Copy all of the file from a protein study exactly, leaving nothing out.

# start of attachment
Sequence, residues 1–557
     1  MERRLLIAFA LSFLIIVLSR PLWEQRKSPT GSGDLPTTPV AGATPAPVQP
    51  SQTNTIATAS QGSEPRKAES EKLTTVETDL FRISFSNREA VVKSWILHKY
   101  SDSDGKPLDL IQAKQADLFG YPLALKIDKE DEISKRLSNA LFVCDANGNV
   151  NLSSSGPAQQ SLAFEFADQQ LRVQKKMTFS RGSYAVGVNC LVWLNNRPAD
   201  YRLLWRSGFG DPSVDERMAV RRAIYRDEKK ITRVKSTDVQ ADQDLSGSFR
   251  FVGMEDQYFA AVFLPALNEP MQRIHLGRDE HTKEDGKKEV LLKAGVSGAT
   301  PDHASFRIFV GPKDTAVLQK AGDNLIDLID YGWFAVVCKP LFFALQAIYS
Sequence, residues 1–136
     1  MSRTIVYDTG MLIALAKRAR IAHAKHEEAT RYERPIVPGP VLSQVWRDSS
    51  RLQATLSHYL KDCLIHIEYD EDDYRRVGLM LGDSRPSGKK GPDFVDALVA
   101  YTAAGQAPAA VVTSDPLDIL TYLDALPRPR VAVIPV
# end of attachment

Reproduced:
Sequence, residues 1–557
     1  MERRLLIAFA LSFLIIVLSR PLWEQRKSPT GSGDLPTTPV AGATPAPVQP
    51  SQTNTIATAS QGSEPRKAES EKLTTVETDL FRISFSNREA VVKSWILHKY
   101  SDSDGKPLDL IQAKQADLFG YPLALKIDKE DEISKRLSNA LFVCDANGNV
   151  NLSSSGPAQQ SLAFEFADQQ LRVQKKMTFS RGSYAVGVNC LVWLNNRPAD
   201  YRLLWRSGFG DPSVDERMAV RRAIYRDEKK ITRVKSTDVQ ADQDLSGSFR
   251  FVGMEDQYFA AVFLPALNEP MQRIHLGRDE HTKEDGKKEV LLKAGVSGAT
   301  PDHASFRIFV GPKDTAVLQK AGDNLIDLID YGWFAVVCKP LFFALQAIYS
Sequence, residues 1–136
     1  MSRTIVYDTG MLIALAKRAR IAHAKHEEAT RYERPIVPGP VLSQVWRDSS
    51  RLQATLSHYL KDCLIHIEYD EDDYRRVGLM LGDSRPSGKK GPDFVDALVA
   101  YTAAGQAPAA VVTSDPLDIL TYLDALPRPR VAVIPV